Pastoral Musings from Rain City

it's about 'what is church?' it's about whether 'emergent' is the latest Christian trend or something more substantial. it's musing on what it means to live faithfully...in the city, in America, in community, intergenerationally, at this time in history...

Saturday, October 04, 2008

The Relentless Waves of Mercy



It’s Friday. I’m driving back to the Eugene airport after teaching Thursday night and this morning for a small group of people who love to read and write. They’re the editing team for the book I wrote, and I’ve thoroughly enjoyed the conversations with them, from the moment I arrived yesterday at the airport, until I said goodbye this morning.

The rain is falling as I drive south on the Oregon coast, the road dropping off to my right offering glimpses of the waves crashing against the rocks. I see a sign for “Cooks Chasm” and impetuously pull off out of curiosity. There’s a sign at the far end of this tiny parking area and I walk over to it. From there I can stare straight down into the chasm, maybe 100 feet deep. Waves are crashing into this narrow gorge with explosive force, but nothing has prepared me for what happens next. As I’m looking down into the chasm, what appears to be a geyser suddenly shoots out from the rock, shooting sea spray about 50 feet into the sky. This is accompanied by a thunderous explosion, like the sound of thunder. This is called a ‘blow hole’, and it’s the result of the pressurized water of enormous waves shooting into the chasm.

I spend the next 20 minutes watching the blow hole perform, and each shot is pure delight. Between shots, I gaze across the landscape of wave and ocean, mindful that these waves have been crashing upon this share for generations, through the rise and fall of nations, wars, reformations, counter-reformations, and the rise and falls of political systems, economic systems, and world views. There’s something about standing in the face of that which points to power, eternality, and steadfastness that invites me into the Father’s arms. It’s good to be here, by the sea, with the Lord.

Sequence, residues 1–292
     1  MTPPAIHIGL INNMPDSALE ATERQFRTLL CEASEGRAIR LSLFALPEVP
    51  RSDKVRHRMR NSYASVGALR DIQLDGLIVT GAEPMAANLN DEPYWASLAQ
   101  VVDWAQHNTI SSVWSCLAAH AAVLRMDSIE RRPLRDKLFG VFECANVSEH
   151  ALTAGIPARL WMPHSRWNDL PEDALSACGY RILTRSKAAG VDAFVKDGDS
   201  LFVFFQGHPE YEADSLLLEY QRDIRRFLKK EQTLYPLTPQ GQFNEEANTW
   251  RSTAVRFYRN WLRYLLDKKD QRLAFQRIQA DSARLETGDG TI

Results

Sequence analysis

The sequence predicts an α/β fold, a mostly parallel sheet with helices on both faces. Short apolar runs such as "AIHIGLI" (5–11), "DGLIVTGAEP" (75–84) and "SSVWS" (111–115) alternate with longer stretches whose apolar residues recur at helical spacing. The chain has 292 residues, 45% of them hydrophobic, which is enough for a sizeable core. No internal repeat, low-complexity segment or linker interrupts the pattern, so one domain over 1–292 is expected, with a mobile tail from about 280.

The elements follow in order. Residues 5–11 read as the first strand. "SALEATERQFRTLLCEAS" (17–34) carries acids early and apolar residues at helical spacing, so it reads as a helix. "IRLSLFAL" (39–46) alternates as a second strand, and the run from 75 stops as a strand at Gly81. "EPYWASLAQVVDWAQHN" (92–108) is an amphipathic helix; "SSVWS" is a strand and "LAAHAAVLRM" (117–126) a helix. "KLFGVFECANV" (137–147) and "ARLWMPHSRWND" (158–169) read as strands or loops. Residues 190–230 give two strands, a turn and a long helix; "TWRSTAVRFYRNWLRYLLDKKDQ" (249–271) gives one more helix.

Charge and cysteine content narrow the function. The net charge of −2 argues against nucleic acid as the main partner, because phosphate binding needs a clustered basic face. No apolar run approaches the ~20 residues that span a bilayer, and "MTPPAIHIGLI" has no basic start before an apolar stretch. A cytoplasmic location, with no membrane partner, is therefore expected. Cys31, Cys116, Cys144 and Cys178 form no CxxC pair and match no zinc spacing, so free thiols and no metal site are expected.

I ponder the working of sea on rock, ponder the metamorphosis of stone that comes because of water’s relentless caresses. This is how our Father transforms us as well. As we allow ourselves to be touched by His caress, we become, inevitably, shaped into His likeness. It happens through our renewal. It happens progressively. It happens so slowly. But like waves against the rock, it happens. Can we rest in this? Can we find peace in this? I hope so.

Learning how to pursue our God, how to allow that caress, how to embrace our long journey of transformation, requires discipline on our part, placing ourselves in the path of transformation so Christ can be seen. This is why silence, solitude, prayer, and Bible reading, and so vital in our lives. They are the waves that caress our soul, transform our mind, and shape our hearts. Little by little, as we show up, we place ourselves on the path of transformation. These are the ancient paths that lead to life. We keep showing up. The waves of His life, love, and mercy, keep transforming us.

We are rocks: Stubborn; resistant’ rooted. I pray that in these exciting days we’ll learn to place ourselves in the waves of His life.

1 Comments:

At 10/10/08 18:50, Anonymous karen said...

Hi. My brother, Kevin Glasky, sent me the link to your blog today because I love the ocean and the Lord. I have also met you up at Thetis Island when you taught there in 1997 -- I really enjoyed your teaching and have not forgotten you.

Your writing stirs me and helps me with your word pictures just how the Lord works to conform us to His image. I am grateful for His work in me===but he's been so busy! (LOL) But I wouldn't trade any of the challenges in the past eleven years for anything because I have learned strong and important lessons about leaning into Him who is capable to see me through to victory.

I'm moving to the Seattle area whenever I sell my home in Northern California and hope to visit your church. I hear there's also a great Italian restaurant across the street. :)
In His Grip,
Karen Cadle

 

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